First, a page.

This is a collection of fourteen papers presented at a conference organised by the German Historical Institute at Washington in September 1996. The colloquium, entitled "Image, Ritual, Memory, Historiography: Concepts of the Past," aimed to bring together medievalist historians from Germany and the USA to exchange ideas about the methodology of research and teaching on the Middle Ages in Europe and the New World. In a most interesting introduction the three editors remark on the evolution of the study of the Middle Ages. Although born amongst the Maurists in eighteenth-century France, the first scientific studies emanate from the circle around the Monumenta Germaniae Historica project set up in the early nineteenth century to collect and publish all medieval narrative and documentary sources for the German Middle Ages. They readily admit that the flourishing of medieval studies in the USA owed more initially to the influence of the French medievalists with the result that giants such as Charles Homer Haskins, one of the American representatives at the Peace of Versailles, concentrated on Norman history rather than on any German topic. After the Second World War cordial relations were reestablished between the American and German scholarly worlds. Quite rightly the editors see as a culmination of this process the remarkable convergence of ideas on liturgy, commemoration, and historical memorial traditions in the 1980s and 1990s exemplified in the work of Patrick Geary in the USA and in that of Gerd Althoff and his circle in Munster.
By bringing together scholars from the two countries and two traditions the conference organisers, and now editors of this volume, hope to bridge the gap between the two. The persistence of the gap is partly due to the language problem. As long as medievalists write primarily in a language, German, that cannot be readily accessed in the English-speaking world they are doomed to a certain isolation. However much we all encourage our students to learn languages other than our mother tongue, those whose mother tongue is English need extra encouragement to be persuaded that scholarship can be conducted in other languages apart from English. Conversely, those whose mother tongue is not English, maintain quite rightly that they cannot be expected to write easily in a language that is not their own. The reason that I dwell on this point is that despite the good intentions of the conference organisers/editors, the German contributions abound in references to German (and Latin) texts, whereas the American contributions contain mostly annotation consisting of references to English language books. Thus the volume, meant to bridge a perceived gap, ironically highlights one of the main problems it is meant to overcome. Nevertheless, the intention is to be applauded. We need many more such collaborative ventures to enable scholars to look beyond their own national boundaries and to sample foreign ways of scholarship.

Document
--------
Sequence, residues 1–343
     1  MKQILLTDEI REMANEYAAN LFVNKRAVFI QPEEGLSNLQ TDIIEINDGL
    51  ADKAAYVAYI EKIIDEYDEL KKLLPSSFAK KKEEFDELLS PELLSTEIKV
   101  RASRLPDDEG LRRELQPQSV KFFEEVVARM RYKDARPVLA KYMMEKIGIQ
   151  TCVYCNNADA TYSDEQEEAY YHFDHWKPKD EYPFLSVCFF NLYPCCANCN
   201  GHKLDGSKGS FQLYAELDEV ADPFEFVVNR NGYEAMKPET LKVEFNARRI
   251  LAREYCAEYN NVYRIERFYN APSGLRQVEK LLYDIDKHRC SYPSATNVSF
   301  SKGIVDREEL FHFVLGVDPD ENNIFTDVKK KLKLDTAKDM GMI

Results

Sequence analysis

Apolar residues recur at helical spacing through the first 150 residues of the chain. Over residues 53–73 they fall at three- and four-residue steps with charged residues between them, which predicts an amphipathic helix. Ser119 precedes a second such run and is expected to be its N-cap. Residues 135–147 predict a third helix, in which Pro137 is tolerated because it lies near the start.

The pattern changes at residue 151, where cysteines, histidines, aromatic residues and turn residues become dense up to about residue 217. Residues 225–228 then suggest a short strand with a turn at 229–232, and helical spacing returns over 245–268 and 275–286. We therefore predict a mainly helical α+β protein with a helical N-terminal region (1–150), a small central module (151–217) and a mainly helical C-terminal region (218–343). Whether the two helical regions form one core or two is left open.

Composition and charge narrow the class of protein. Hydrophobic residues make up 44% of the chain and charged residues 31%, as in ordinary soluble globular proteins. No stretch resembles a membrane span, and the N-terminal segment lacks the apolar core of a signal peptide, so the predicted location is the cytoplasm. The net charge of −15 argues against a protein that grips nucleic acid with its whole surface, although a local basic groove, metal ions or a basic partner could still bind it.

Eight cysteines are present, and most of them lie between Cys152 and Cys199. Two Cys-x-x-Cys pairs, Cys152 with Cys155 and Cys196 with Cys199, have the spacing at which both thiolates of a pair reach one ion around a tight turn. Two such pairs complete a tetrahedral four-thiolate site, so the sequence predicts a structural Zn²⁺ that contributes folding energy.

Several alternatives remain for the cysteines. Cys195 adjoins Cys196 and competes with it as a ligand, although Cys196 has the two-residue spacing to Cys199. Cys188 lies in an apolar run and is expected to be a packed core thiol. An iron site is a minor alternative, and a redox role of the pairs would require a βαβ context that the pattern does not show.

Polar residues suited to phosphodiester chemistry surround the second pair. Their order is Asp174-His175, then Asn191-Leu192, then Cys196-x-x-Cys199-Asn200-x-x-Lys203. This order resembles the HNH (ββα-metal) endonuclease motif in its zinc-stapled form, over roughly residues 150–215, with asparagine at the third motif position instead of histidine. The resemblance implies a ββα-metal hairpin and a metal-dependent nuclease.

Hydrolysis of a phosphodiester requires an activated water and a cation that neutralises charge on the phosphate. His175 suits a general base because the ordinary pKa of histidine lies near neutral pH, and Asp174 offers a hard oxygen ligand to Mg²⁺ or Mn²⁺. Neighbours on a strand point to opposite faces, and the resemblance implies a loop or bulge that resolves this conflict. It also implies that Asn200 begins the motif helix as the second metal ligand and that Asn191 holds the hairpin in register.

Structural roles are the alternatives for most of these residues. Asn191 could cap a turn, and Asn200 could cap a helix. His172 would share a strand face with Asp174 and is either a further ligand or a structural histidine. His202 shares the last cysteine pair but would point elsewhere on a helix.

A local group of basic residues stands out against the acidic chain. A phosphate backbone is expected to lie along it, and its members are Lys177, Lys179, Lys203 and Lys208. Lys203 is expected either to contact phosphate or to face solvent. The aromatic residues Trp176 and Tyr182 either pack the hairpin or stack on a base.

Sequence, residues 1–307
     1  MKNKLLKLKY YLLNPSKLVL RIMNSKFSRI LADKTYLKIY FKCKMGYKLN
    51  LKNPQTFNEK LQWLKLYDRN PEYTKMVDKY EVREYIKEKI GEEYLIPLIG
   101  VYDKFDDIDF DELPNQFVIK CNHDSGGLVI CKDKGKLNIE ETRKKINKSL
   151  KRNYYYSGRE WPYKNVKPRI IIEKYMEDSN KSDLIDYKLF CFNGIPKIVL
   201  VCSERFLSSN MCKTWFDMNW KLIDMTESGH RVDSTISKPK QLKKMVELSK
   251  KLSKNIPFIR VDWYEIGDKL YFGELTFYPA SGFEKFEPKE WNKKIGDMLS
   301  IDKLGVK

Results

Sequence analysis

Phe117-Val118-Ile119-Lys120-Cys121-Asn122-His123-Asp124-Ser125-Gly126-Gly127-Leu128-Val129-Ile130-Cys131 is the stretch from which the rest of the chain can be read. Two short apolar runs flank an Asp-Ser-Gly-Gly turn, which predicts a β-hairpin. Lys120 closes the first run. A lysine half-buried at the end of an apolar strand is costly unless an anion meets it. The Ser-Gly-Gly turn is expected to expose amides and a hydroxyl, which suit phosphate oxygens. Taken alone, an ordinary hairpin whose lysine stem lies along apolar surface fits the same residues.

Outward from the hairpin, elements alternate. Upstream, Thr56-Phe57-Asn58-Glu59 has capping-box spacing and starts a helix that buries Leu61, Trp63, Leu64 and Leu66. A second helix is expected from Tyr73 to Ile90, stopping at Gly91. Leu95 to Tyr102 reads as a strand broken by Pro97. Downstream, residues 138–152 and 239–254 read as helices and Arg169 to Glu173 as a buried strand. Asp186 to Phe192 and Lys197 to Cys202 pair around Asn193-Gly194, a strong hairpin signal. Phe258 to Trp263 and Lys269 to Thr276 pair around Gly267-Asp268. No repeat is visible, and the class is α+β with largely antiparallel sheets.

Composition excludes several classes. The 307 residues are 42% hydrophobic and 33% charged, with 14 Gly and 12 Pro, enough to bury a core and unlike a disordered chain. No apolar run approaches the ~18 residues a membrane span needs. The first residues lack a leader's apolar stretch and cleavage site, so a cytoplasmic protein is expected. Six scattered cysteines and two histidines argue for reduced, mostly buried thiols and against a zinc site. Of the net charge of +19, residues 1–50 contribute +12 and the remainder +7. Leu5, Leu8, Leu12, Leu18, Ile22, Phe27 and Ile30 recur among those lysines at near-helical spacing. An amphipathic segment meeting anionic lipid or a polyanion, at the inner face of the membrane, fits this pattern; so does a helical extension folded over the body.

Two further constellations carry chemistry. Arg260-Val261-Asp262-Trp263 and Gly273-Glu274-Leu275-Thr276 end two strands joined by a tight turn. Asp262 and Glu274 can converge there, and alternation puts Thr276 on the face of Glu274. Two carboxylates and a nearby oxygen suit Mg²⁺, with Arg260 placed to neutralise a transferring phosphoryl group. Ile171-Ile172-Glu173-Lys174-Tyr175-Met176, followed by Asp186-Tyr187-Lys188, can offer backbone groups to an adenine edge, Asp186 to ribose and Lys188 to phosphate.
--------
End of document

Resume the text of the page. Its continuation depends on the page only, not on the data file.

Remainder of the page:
The collection is an very interesting one. The first cluster of essays deals with the importance of ritual as a tool of politics and display of authority. In a stimulating contribution Gerd Althoff (Chapter 3) explains how indebted historians, and especially medievalists, are to the work of sociologists and anthropologists, while Hannah Vollrath (Chapter 4) applies some of these interdisciplinary methods to the functioning of custom and exercise of justice by kings. Most of our sources focus not surprisingly on monarchs and their court ceremonial and they are sensitively explored with relation to Henry II (of Germany) by Stefan Weinfurter and John Bernhardt (Chapters 1 and 2). The second cluster is devoted to aspects of textuality and the formation of historiographical traditions in the Middle Ages. How do oral traditions lead to written narratives? Can we divorce one from the other? Can we generalise about the memories that get lost in the mist of time? And how did medieval people guard themselves in the fight against oblivion? These questions are discussed for the tenth century by Patrick Geary (Chapter 5) who has made the concept of oblivion such an important area of research for the early Middle Ages. Philippe Buc interestingly explores the case study centered on events in Rome in the year 864 (Chapter 6), while Hans Werner Goetz (Chapter 7) with characteristic magisterial flair discusses concepts of time over two centuries in the medieval German speaking world. Not surprisingly given his oeuvre, he stresses the centrality of the present day as the point of departure for all writing about the past. This point is also taken up by Bernd Schneidmüller (Chapter 8), who analyses the various ways in which institutional histories are written from the perspective of present day crises. No drama in the twentieth century has been deemed worse than the persecution of the Jews during the Second World War. The modern historian David Nirenberg (Chapter 13) throws new light on the contemporary accounts of the Jewish persecution in the Rhineland in the late eleventh century by drawing interesting parallels between the twelfth-century and twentieth-century written traditions. There is of course a strong memorial aspect to the representation of two such traumatic events.